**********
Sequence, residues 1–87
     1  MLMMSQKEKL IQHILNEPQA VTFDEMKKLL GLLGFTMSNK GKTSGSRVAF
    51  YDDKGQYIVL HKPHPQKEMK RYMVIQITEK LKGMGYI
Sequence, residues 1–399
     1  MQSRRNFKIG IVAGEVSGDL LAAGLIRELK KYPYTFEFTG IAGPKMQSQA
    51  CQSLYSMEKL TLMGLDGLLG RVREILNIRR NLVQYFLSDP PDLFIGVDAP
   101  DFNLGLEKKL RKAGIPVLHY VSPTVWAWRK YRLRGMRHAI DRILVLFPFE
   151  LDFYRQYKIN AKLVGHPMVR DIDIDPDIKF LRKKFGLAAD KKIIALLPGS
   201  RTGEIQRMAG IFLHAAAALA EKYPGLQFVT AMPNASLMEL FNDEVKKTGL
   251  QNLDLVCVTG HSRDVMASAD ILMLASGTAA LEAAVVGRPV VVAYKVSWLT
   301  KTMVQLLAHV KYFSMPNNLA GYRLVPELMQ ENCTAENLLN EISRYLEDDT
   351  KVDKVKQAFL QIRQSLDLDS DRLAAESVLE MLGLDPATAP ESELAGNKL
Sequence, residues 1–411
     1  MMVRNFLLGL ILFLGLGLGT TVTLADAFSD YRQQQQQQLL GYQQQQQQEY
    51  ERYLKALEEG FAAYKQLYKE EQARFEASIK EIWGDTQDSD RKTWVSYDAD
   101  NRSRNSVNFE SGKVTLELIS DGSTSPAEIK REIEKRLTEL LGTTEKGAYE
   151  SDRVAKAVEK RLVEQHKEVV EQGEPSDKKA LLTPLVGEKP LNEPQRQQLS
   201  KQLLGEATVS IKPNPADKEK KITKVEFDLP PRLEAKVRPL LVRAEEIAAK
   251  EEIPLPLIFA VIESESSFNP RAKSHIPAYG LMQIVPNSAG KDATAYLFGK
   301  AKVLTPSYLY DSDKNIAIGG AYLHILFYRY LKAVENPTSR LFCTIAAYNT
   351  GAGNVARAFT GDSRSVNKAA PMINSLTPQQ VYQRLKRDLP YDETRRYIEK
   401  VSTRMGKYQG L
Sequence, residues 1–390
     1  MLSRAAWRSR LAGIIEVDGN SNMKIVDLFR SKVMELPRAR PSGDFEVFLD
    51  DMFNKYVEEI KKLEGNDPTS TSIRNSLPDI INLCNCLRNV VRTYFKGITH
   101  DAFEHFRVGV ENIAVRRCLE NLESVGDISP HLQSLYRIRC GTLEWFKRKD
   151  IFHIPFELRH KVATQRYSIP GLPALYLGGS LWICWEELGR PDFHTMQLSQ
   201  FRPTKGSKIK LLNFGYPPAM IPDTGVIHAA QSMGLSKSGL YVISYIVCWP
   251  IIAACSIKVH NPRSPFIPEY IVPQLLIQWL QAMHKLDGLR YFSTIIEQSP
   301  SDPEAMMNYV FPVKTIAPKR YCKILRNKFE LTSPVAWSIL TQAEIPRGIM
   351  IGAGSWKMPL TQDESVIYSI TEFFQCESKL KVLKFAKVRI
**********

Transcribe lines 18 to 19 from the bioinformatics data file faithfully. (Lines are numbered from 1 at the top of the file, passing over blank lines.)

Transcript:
   201  KQLLGEATVS IKPNPADKEK KITKVEFDLP PRLEAKVRPL LVRAEEIAAK
   251  EEIPLPLIFA VIESESSFNP RAKSHIPAYG LMQIVPNSAG KDATAYLFGK